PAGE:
Why should you care about expected value (EV)? Once you have a basic understanding of how expected value is applied to esports betting, you're one step closer to becoming a profitable bettor.

What is Expected Value?

If we're going all Merriam-Webster on you, Expected Value (EV) is defined as the predicted average return of a variable. Okay now how about for a more helpful definition? It's the average outcome (or value) you can expect when dealing with something that has an element of luck or randomness involved, such as esports betting. We’ll show you how to calculate EV and all the ways it can be used to help you make more profitable decisions!

  • EV is calculated by taking the sum of all possible payoff values multiplied by the likelihood of their occurrence:
  • EV = (Probability of outcome 1 x payoff of outcome 1) + (Probability of outcome 2 x payoff of outcome 2) + ... and so on

In any type of wagering, the EV of a bet would be the amount (on average) you expect to win/lose in the long-run by placing the same bet at the same odds many times over. The calculation for this would be:

EV = (Probability of winning x payout if you win) -  (Probability of losing x the stake of the wager)

For example, say you and a friend are wagering $1 on many consecutive flips of a normal coin (no tricky business):

  • 50% of the time, it will land on heads and your friend pays you $1
  • 50% of the time it will come tails and you pay your friend $1

The calculation to find our EV of each coin flip would be:

  • (0.5 * $1) + (0.5 * - $1) = 0

Therefore, you nor your friend can expect to win or lose money, no matter how many times you flip the coin. If your friend decides to change the game and offers you $1.20 every time you win, yet you still only pay $1 when you lose, the EV becomes:

  • (0.5 * $1.20) + (0.5 * -$1) = $0.10

Your average return on a single flip is now $0.10. The game is now more profitable for you in the long run. Could you lose a few in a row and have your friend be winning for a bit? Sure. But as you flip more and more, you'll pull ahead and then pull away.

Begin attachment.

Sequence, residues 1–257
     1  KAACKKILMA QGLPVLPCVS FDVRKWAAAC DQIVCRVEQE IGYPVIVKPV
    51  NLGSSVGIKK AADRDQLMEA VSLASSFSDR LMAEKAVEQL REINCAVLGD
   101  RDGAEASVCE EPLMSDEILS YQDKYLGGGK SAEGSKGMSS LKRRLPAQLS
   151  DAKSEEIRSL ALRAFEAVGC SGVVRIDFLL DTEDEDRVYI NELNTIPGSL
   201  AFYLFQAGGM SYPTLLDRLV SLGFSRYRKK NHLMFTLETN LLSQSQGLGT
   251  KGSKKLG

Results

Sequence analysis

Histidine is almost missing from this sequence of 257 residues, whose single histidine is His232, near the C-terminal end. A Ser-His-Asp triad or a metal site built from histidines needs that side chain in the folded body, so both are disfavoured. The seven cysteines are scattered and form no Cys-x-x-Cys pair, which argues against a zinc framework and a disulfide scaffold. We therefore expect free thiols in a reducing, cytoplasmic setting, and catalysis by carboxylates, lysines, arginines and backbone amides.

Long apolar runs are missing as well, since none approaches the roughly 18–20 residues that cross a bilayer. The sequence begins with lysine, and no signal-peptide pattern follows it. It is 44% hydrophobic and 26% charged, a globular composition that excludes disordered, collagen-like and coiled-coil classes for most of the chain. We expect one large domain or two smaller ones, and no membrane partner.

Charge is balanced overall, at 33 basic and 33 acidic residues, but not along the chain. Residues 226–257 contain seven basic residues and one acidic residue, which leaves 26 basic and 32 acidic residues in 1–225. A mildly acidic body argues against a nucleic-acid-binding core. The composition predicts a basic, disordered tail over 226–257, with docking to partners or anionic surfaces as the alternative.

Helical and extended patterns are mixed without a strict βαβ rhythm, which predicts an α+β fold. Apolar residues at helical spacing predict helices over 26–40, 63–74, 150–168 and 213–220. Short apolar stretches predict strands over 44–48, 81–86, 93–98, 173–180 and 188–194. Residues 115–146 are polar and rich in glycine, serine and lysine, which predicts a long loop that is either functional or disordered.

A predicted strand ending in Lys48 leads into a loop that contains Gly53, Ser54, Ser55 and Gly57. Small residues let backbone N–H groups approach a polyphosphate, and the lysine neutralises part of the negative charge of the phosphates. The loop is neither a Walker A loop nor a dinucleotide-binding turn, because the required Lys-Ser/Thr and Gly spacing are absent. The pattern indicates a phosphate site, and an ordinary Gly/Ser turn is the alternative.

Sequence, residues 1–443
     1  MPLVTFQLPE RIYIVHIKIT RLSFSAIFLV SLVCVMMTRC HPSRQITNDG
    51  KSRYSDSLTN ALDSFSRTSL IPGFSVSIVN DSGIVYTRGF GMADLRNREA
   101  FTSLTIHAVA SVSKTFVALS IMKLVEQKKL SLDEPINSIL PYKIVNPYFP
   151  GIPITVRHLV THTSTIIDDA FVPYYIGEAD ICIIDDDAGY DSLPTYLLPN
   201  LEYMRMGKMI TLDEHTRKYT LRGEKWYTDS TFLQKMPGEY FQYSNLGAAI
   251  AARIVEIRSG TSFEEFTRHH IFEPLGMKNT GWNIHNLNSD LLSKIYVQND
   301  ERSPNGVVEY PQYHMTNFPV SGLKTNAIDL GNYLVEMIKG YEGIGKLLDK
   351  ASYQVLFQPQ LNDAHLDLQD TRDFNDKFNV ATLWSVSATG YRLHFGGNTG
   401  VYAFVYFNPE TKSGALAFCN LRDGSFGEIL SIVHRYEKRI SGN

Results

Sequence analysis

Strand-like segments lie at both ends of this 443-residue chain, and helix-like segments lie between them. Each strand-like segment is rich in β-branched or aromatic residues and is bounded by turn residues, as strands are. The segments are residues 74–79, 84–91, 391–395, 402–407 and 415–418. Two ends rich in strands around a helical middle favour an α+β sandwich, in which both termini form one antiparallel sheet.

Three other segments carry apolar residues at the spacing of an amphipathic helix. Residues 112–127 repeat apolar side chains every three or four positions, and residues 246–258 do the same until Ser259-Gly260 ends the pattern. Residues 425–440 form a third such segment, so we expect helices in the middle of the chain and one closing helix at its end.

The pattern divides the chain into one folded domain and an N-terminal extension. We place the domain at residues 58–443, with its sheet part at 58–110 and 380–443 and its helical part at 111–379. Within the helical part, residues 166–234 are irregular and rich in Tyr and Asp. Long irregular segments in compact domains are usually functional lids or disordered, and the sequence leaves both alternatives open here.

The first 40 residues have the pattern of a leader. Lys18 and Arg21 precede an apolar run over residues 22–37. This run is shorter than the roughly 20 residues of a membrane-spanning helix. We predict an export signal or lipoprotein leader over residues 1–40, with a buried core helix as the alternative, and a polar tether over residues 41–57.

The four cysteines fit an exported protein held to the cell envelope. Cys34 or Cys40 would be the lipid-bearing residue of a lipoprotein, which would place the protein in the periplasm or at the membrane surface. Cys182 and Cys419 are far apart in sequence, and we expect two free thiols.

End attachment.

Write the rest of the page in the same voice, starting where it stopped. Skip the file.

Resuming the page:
This same equation can be used when betting on esports. Let’s use this match as an example:

  • Luminosity (2.389) vs Renegades (1.588)

Using a $10 bet the steps to calculate the EV of betting on Luminosity would be:

1. Using the decimal odds, calculate the implied probability of each team winning, dividing 1 by their odds:

  • Luminosity: 1/2.389 = 41.86%
  • Renegades: 1/1.588 = 62.97%

2. Calculate the payout of each side of the bet if it were to win:

  • Luminosity: ($10*2.389)-$10 = $13.89*
  • Renegades: -$10 (Lose our $10 bet)

(*Note: we need our profit, not the total payout!)

3. Substitute these numbers into the EV formula and calculate:

  • (13.89*0.4186) - (10*0.6297) = (5.814) + (-6.297) =  -0.483

Therefore the EV of betting on Luminosity is -0.483, which means you will on average lose $0.48 for every $10 you bet.

If you calculate EV using the odds from the site, every bet will be -EV since the site needs their side to be +EV in order for it to be worthwhile for them to offer it (IE: Rivalry is a business and needs to make money to exist!). But don’t be deterred by this. Since it’s impossible to know the true win rates of the teams in a match, if you are able to better estimate them than the bookmaker, you will be able to show a profit.

If in the example above, Luminosity’s true win rate is higher than the 41.86% the site is implying, and it’s actually 49%, betting on them will become +EV.

  • (13.89*0.49) - (10*0.51) = 6.81 - 5.10 = $1.71

Expected value calculations are a great tool to be used when making bets, EV is the building block in determining any profitable bet before you make it. Do your research and if you get better information and estimate true win rates better than the bookmaker, you can go make some +EV bets and win some money! GL HF!